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It’s a Crying Shame

You know how therapists aren’t supposed to cry in sessions? Well, I do all the time. Not in defiance of this rule or anything. I just can’t help it. And it’s not like I’m sobbing uncontrollably–just a couple of tears that escape, despite my best efforts.

Like, if a client cries because they’ve told me something they’ve never admitted to anyone before, I cry, too. Or if they’re proud of themselves for taking some risk that they didn’t think was possible. I try to hide it, but not very effectively. I once had a client who said she was going to get a t-shirt that says “I made my therapist cry.” I think she thought this was a good thing, although I have no idea why.

And you know the other crying rule about how you’re supposed to be strong when you’re talking to someone who is sick? Can’t do that one, either. When my dad was depressed, I cried in front of him all the time. And while I was on the phone with him. And when we went shopping, because he was so indecisive, it would take him forever to pick anything out–which broke my heart. Sometimes it would be so bad I had to leave the room and sob and then come back.

He always knew, of course. Apparently he told my brother that he needed to get better because he was making me cry all the time. Which makes me cry right now, just thinking about it. But it worked; he got better. So maybe it wasn’t such a bad thing in that case, either.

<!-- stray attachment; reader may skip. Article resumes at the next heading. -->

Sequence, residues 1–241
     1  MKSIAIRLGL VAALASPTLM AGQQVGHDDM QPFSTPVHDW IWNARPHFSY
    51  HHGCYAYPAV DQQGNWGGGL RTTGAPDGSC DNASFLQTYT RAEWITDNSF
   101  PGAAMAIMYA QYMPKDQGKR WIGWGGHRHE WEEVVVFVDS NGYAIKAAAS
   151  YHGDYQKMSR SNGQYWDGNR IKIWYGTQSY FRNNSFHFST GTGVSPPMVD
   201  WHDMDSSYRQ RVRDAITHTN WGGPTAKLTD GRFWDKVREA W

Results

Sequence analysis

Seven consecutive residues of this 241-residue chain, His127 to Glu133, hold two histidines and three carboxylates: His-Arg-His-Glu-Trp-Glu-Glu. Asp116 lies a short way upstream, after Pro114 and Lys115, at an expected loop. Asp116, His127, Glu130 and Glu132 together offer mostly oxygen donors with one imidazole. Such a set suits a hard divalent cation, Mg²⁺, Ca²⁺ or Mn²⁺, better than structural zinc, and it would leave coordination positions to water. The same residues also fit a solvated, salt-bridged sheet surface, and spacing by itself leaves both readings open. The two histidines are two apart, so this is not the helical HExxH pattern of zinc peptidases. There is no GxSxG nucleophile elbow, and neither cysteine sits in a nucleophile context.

Clients often come to session trying not to cry. I tell them it’s OK–that’s what the Kleenex are for. Then we talk about why it’s not a bad thing.

Who came up with all these rules, anyway? Crying makes you weak. You need to have a good reason to cry–like death. Maybe losing a big game like the Super Bowl. Boys don’t cry.

It was probably the same person who said that stoicism is the best remedy for pain. Probably some guy.

Why have tears if we’re not supposed to use them? Why not do something that is free, readily available, nonhabitforming, and makes us feel better?

I’m not saying there isn’t a place for stoicism. I saw “American Sniper” this past weekend, and it was absolutely necessary for Chris Kyle not to cry in order to do his job. He was supposed to be a machine. But if he had been able to cry when he was home and no longer on duty, I think his wife wouldn’t have been as worried about him.

But who am I to judge someone for what they do or don’t do when they’re in pain? I’m biased, too. So I don’t tell people that they should cry. And I try not to think less of them if they don’t.

All I ask is for other people to do the same for me. Just don’t try to shame me out of crying.